A dream come true. A nightmare made real. Depending on whom you’re talking to. In any case, well done, Elop… *slow clap*

So the burning platform arc that began in 2011 is finally coming to a disappointing anticlimax. Like many, I woke up this morning to the news thatMicrosoft is buying Nokia out for $7 billion dollars. Five billion for the smartphone business. Two for patent licensing. Some quick thoughts.

And admission of defeat for Espoo – once master of the mobile domain, Nokia’s trajectory began to decay in 2011. From top mobile OEM, they now come in at a lowly tenth. At $7 billion dollars, they are selling for less than Skype sold to Microsoft, and a little over half of what Google paid for Motorola.

 

They didn’t end up broke like Kodak, as I had feared they might. But my other fear of them getting swallowed up as a consequence of their faustian bargain with  Microsoft is now made real and is only slightly less tragic.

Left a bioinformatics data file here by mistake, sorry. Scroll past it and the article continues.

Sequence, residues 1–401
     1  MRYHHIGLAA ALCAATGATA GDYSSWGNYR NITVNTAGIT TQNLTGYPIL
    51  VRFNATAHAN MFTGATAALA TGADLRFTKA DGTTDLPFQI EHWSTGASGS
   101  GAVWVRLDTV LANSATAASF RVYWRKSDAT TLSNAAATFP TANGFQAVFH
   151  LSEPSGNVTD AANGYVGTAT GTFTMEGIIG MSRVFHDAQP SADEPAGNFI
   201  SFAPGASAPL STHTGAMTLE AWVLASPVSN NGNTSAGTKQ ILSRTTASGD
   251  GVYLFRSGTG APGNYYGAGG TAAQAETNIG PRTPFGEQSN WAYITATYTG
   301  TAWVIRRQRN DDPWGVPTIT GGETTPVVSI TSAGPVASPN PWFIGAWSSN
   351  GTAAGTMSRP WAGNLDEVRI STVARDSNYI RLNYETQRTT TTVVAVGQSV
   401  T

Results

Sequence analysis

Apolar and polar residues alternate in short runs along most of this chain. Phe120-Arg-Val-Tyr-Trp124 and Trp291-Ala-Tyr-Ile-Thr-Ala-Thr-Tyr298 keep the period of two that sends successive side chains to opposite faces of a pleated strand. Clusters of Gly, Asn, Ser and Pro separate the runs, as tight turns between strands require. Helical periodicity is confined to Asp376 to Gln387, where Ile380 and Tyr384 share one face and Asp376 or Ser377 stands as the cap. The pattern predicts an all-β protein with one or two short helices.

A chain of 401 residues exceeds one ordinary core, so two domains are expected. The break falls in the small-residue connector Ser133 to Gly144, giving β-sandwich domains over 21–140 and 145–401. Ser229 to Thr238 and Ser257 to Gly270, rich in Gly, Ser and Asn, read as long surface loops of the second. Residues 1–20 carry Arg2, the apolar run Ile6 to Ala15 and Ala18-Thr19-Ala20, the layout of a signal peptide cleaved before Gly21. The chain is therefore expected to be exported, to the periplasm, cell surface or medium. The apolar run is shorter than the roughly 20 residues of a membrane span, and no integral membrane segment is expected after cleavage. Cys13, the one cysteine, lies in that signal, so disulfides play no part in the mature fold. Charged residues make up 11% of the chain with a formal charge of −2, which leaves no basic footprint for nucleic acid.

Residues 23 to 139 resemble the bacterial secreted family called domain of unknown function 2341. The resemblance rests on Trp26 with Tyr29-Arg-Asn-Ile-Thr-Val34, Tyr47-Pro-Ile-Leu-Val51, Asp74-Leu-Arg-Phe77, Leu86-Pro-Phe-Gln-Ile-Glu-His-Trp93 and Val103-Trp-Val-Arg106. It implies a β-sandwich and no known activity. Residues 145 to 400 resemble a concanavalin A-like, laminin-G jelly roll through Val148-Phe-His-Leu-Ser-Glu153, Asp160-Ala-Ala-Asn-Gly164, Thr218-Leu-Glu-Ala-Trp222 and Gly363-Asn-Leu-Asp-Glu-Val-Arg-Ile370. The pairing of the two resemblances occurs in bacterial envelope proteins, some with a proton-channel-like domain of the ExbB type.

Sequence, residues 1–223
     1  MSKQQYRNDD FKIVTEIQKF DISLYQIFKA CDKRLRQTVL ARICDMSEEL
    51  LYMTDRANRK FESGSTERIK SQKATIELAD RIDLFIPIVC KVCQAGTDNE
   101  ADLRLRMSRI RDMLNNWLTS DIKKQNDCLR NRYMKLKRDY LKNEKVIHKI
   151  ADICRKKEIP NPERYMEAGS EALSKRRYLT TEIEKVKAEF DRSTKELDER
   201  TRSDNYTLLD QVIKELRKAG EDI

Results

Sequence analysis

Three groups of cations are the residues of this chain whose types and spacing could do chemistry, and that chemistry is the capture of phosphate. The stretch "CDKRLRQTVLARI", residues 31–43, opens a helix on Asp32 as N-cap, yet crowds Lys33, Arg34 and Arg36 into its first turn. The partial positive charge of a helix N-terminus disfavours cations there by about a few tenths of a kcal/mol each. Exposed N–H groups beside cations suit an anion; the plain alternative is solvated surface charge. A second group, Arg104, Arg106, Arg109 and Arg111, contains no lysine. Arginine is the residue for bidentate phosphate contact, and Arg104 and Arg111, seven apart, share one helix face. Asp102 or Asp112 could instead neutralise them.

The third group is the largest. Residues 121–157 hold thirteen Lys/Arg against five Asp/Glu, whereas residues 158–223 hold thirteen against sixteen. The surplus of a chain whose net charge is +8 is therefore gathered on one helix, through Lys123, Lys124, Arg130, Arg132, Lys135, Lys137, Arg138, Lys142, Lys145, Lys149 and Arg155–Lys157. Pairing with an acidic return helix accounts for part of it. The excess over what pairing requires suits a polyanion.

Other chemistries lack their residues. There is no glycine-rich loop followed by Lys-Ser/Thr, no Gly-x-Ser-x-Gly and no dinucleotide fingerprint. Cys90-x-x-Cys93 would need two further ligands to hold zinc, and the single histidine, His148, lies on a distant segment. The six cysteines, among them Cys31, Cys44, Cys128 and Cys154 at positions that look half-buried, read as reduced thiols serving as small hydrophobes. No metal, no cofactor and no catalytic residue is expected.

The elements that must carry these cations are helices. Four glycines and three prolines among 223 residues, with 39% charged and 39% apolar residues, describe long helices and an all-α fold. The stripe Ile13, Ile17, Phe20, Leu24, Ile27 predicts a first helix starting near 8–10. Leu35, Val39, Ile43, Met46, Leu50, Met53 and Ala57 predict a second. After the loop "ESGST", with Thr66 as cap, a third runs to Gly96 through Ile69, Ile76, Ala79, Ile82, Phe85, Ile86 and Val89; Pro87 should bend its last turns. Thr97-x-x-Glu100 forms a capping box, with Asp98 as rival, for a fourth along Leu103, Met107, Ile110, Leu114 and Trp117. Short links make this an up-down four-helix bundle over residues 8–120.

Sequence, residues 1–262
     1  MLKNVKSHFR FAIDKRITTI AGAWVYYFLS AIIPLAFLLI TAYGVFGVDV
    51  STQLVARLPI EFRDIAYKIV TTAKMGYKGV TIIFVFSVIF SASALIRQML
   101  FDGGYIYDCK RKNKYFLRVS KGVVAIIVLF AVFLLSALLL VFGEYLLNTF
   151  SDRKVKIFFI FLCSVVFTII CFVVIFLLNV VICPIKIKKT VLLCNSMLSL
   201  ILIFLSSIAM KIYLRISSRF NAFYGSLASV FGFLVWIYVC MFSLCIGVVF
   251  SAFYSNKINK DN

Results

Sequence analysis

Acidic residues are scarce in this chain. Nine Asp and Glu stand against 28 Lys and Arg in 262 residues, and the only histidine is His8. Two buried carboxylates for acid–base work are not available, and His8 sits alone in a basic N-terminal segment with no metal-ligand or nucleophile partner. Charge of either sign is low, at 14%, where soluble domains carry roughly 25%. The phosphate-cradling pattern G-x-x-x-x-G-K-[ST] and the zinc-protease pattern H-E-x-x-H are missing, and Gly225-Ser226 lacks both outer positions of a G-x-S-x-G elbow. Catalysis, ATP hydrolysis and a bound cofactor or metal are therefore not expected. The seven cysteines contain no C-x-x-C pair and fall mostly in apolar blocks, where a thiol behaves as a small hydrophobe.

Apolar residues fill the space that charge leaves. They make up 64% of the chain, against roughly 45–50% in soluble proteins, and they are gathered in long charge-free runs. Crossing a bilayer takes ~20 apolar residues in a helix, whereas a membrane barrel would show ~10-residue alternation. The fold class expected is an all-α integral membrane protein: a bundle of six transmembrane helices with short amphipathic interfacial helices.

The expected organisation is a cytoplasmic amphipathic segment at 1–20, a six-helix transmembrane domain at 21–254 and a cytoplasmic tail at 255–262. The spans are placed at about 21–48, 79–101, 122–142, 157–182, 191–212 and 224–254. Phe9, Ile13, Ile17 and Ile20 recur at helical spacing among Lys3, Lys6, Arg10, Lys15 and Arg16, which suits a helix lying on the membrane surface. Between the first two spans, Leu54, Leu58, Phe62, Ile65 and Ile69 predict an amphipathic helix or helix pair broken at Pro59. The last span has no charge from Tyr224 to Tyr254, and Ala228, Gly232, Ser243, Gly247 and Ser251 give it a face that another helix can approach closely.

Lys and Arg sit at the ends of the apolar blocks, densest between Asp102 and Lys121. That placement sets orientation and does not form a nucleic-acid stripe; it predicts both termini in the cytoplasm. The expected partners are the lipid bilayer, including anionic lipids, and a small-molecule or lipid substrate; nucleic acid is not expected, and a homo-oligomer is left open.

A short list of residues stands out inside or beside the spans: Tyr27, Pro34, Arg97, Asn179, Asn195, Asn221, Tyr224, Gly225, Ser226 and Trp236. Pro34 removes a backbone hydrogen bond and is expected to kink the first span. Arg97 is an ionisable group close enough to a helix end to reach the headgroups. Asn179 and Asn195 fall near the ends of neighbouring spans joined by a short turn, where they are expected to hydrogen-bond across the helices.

If this were funny, Tomi Ahonen would be rolling on the floor now. But instead, I imagine he is beside himself in the steaming indignation of the vindicated. The ex-Nokia employee turned global mobile strategist  and unapologetic Elop basher must be writing a 4,000 word I-told-you-so rant right now.

 

 

A coup for Redmond – I won’t even feign surprise, this outcome has been long in the making. Nokia’s elopement with Microsoft is now revealed to be the ultimate mission of Mr. Elop, who has now rejoined the Microsoft fold as global VP of mobile.

 

But there is a point to the whole thing. Microsoft has finally managed to acquire some cheap guns to take on the mobile oligopoly that Android and iOS currently represent.

Now you can’t say uncle Ballmer didn’t at least one thing right before taking his leave.

Ah well. I will go buy some pop corn and wait to read all the indepth that is no doubt being furiously typed everywhere in Silicon Valley tech newsrooms right now.

Update: Read Tomi Ahonen’s analysis of the Nokia/Microsoft deal. Like he said, it’s 12,000 words long, so you’ve been warned. He thinks Microsoft will still manage to botch it, by the way.

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